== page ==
There are these difficulties. It seems to me, however, that they do not apply quite so strongly in the case of the non,contributory invalidity pensioner. There is no question there of someone who has been in work drifting into the benefit. If he has been in work, he has a contribution record and cannot qualify for the new benefit. Similarly, again, the disincentive against drifting out is not quite the same, because the born disabled person is only too anxious to get into full-time work, if the opportunity ever presents itself.

In trying to reply, the Minister has underlined the difficulty that he has made for himself—the difficulty of using incapacity for work as the basis. There is considerable logic in what he says about the difficulties that flow if one uses incapacity for work as the basis for this new benefit as the Government have chosen to do.

The Minister said two things which are reassuring. First, as I have implied previously, the logical step from where the Government have chosen to start is to look separately at the problems of the disabled earner. These require careful study. It would be unfair to expect the Government to put forward detailed provisions now, because this is a separate problem. As the Minister has mentioned that he is commencing such study, however, which is encouraging, we shall press him for progress reports and, we trust, rapid progress. On the subject of the way in which the disabled earner can best be helped, we trust that this commitment will not be allowed to hang about for years before something is done.

I give the Minister some credit for one thing, because at least the efforts of my noble Friend in the other place have produced another look at the therapeutic earnings rule. The Minister has produced a commitment to raise it to £7. We welcome that. We congratulate him on having extracted it from his friends in the Treasury, who are more responsible, I suspect, than he is for the difficulties into which he gets on Bills of this kind, in both Houses of Parliament. As he has managed to extract some money from that source, even though the £7 will not do much more than keep in line with inflation we accept that he has done something, and that the thought that has gone into the earnings rule has had some effect.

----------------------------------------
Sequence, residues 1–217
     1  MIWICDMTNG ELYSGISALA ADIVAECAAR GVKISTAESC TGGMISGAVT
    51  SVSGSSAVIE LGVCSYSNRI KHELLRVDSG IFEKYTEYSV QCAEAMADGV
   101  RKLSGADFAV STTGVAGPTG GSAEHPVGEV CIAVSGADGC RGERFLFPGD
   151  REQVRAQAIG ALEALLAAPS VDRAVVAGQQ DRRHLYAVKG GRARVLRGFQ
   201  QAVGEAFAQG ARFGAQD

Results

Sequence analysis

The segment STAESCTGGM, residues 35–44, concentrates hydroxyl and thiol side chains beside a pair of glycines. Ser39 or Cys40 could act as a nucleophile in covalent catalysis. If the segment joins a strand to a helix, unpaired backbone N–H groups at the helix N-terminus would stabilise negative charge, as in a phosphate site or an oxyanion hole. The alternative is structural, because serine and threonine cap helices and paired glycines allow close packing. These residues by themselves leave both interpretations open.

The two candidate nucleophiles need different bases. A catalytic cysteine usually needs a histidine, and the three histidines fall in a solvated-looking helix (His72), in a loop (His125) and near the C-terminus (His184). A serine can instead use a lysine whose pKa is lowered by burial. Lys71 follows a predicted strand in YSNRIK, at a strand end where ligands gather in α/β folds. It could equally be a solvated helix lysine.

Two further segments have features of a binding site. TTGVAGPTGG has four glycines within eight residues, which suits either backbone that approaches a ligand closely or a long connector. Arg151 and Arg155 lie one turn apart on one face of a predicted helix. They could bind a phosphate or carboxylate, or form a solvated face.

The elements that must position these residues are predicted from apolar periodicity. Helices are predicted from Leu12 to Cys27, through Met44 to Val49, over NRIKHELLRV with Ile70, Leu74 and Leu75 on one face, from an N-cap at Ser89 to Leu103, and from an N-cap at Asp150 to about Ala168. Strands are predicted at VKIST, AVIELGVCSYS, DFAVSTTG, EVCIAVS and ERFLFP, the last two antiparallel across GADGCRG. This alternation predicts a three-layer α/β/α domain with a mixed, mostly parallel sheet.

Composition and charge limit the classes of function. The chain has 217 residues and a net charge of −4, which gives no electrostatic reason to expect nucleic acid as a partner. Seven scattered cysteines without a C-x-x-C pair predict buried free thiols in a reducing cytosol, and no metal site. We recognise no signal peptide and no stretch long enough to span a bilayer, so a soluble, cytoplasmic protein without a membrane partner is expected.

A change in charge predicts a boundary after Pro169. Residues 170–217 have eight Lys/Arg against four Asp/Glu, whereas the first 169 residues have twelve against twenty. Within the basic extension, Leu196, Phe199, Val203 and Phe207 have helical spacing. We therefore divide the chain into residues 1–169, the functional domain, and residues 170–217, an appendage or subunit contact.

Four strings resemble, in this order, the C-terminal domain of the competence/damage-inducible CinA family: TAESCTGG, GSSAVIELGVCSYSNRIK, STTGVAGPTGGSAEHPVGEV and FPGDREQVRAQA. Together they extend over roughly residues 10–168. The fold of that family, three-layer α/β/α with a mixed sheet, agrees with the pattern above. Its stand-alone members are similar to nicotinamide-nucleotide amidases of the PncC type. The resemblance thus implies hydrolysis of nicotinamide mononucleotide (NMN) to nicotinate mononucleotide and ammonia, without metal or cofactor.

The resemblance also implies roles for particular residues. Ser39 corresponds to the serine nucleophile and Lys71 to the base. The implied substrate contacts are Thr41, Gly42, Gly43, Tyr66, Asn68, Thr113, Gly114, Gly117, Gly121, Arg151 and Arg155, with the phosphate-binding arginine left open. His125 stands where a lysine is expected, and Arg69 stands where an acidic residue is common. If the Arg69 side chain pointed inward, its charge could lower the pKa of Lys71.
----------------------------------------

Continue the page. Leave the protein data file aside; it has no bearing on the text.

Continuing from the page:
The Opposition will return to the problem of the disabled earner whenever possible, to press the Government. We shall return to it on future uprating Bills, on the question of the level of the therapeutic earnings rule and, still, the question—which we should like to consider further—whether something may be done in relation to recipients of NCIP which would give them a slightly advantageous position, for reasons which we believe are defensible, vis-à-vis other benefits.

However, as the Minister has been able to bring some good news on this occasion, I beg to ask leave to withdraw the amendment.

Now there is a slight confusion, because I do not think the hon. Member has actually moved this amendment.

I should like to reply to the point made by the Minister in answer to my amendment.

Division No. 145.

AYES

9.32 p.m.

Arnold, TomHamilton, Michael (Salisbury)Newton, Tony
Bain, Mrs MargaretHenderson, DouglasPage, Rt Hon R. Graham (Crosby)
Body, RichardHicks, RobertPaisley, Rev. Ian
Brittan, LeonHowells, Geratnt (Cardigan)Penhaligon, David
Brotherton, MichaelKIKedder, JamesPowell, Rt Hon J. Enoch
Budgen, NickKnox, DavidReid, George
Clark, Alan (Plymouth, Sutton)Lane, DavidRenton, Tim (Mid-Sussex)
Cope, JohnLawrence, IvanRoss, Stephen (Isle of Wight)
Crowder, F. P.Macmillan, Rt Hon M. (Farnham)Ross, William (Londonderry)
Douglas-Hamilton, Lord JamesMates, MichaelShepherd, Colin
Dunlop, JohnMayhew, PatrickSims, Roger